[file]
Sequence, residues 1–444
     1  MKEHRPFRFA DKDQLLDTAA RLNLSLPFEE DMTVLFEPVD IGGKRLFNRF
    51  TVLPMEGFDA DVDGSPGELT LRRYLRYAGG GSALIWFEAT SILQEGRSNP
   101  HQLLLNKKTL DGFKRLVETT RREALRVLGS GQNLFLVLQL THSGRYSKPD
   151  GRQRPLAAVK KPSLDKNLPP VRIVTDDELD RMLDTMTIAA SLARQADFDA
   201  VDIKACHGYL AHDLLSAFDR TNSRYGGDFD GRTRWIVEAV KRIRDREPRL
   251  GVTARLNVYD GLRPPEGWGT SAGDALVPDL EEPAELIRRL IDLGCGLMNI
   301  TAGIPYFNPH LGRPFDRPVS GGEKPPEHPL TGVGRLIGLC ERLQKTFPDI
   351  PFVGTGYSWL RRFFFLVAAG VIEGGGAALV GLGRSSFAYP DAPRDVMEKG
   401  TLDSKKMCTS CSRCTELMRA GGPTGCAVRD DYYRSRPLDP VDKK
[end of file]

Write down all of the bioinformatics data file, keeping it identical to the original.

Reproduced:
Sequence, residues 1–444
     1  MKEHRPFRFA DKDQLLDTAA RLNLSLPFEE DMTVLFEPVD IGGKRLFNRF
    51  TVLPMEGFDA DVDGSPGELT LRRYLRYAGG GSALIWFEAT SILQEGRSNP
   101  HQLLLNKKTL DGFKRLVETT RREALRVLGS GQNLFLVLQL THSGRYSKPD
   151  GRQRPLAAVK KPSLDKNLPP VRIVTDDELD RMLDTMTIAA SLARQADFDA
   201  VDIKACHGYL AHDLLSAFDR TNSRYGGDFD GRTRWIVEAV KRIRDREPRL
   251  GVTARLNVYD GLRPPEGWGT SAGDALVPDL EEPAELIRRL IDLGCGLMNI
   301  TAGIPYFNPH LGRPFDRPVS GGEKPPEHPL TGVGRLIGLC ERLQKTFPDI
   351  PFVGTGYSWL RRFFFLVAAG VIEGGGAALV GLGRSSFAYP DAPRDVMEKG
   401  TLDSKKMCTS CSRCTELMRA GGPTGCAVRD DYYRSRPLDP VDKK